When it comes to World War II facilities, most people in Northwest Wyoming know about the Heart Mountain Relocation Center between Powell and Cody, but few may know that there were prisoner of war camps in Lovell, Deaver and Basin during the war.
Historian Cheryl O’Brien of Dubois paid a visit to the Lovell-Kane Museum Friday to interview local people about their knowledge of the camps as part of a project O’Brien is undertaking to research the Wyoming POW camps and collect people’s memories, photos and stories, museum board member Karen Spragg said.
“There were 19 camps in Wyoming, and she has visited 12 of them at the sites,” Spragg said, noting that the museum put the word out that O’Brien would be in town.
During her visit Friday O’Brien conducted interviews with Bob and Marilyn Gish of Basin, Fred and Florence Wambeke of Deaver, Buck Homewood of Frannie and Betty Hubbell and Mary Yorgason of Lovell. Also participating was Lorna Fowler of Lovell. O’Brien also plans to interview Ken and Sharon Blackburn and Stanley Partridge of Cowley.
Spragg said Camp Lovell was located at the Wyoming National Guard Cavalry horse barn located where the county annex building is now, across the street from the armory. Camp Deaver was located about a block east of the Showboat building, she said, and Camp Basin was located at the fairgrounds.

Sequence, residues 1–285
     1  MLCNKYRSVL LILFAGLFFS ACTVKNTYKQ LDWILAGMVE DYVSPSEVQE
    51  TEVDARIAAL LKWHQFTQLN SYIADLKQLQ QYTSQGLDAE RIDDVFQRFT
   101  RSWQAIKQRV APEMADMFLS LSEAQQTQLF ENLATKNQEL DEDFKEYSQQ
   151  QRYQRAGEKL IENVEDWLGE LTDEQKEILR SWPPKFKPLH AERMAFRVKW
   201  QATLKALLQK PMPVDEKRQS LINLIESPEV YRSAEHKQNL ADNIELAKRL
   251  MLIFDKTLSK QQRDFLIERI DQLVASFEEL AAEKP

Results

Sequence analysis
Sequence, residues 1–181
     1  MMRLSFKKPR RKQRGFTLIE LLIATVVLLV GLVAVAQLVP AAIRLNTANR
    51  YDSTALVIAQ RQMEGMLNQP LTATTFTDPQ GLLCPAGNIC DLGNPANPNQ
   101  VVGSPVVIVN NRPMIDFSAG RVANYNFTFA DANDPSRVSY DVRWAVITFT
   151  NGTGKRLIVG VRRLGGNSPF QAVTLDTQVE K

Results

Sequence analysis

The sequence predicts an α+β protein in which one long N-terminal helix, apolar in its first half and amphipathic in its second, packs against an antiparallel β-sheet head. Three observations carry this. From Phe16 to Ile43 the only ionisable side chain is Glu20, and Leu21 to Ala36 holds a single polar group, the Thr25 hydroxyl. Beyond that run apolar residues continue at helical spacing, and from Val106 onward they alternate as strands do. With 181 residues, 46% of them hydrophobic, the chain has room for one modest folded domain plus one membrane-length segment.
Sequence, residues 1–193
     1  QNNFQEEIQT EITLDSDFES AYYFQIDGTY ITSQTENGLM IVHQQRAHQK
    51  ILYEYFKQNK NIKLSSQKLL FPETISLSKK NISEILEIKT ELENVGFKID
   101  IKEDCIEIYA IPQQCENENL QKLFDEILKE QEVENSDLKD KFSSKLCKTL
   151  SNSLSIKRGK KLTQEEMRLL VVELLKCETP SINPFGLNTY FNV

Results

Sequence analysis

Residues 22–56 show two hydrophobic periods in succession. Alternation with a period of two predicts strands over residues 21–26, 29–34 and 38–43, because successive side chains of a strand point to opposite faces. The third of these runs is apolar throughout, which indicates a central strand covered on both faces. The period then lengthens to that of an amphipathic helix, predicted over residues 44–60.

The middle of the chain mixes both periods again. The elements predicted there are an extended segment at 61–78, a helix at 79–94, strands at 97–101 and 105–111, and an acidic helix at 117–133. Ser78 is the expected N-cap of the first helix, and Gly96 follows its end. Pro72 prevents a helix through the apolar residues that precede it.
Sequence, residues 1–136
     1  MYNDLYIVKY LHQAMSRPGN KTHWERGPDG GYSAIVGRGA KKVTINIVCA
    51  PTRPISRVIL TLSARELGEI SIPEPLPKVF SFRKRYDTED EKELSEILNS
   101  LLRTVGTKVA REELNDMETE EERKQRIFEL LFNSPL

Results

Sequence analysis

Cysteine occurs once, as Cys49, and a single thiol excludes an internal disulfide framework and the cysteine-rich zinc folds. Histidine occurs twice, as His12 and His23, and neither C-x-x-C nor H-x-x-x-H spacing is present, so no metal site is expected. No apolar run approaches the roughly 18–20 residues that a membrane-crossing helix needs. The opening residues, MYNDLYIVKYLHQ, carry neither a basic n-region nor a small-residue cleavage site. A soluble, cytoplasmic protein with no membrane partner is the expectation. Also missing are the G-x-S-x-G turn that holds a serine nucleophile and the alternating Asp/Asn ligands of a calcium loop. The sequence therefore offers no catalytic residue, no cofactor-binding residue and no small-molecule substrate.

Basin and Deaver prisoners were housed in former Civilian Conservation Corps barracks, Spragg said, two of which remain at the fairgrounds.
According to a history of the Deaver camp written by Johanna Gimmeson, Camp Basin was the first to open in April of 1944 when 166 German prisoners were brought to Basin from Scottsbluff, Neb. They worked in the sugar beet fields during the harvest, Gimmeson wrote, and 246 more prisoners were brought the following summer from Douglas.
Camp Deaver opened in early 1944 with 110 prisoners after CCC barracks were moved from Gillette, and Camp Lovell followed in May of 1945 with 100 prisoners housed in Deaver while the armory and cavalry barn were remodeled. After the remodeling, 200 prisoners remained in Lovell until the first week of November, 1945, Gimmeson wrote.
Some of the prisoners enjoyed Wyoming and later returned, notably the family of Robert and Anna Shultz. Spragg said there were four Shultz boys, Klaus, Dieter, Hans and Norbert. Robert worked at the sugar factory, and the family later moved to Cowley, Spragg said.
By David Peck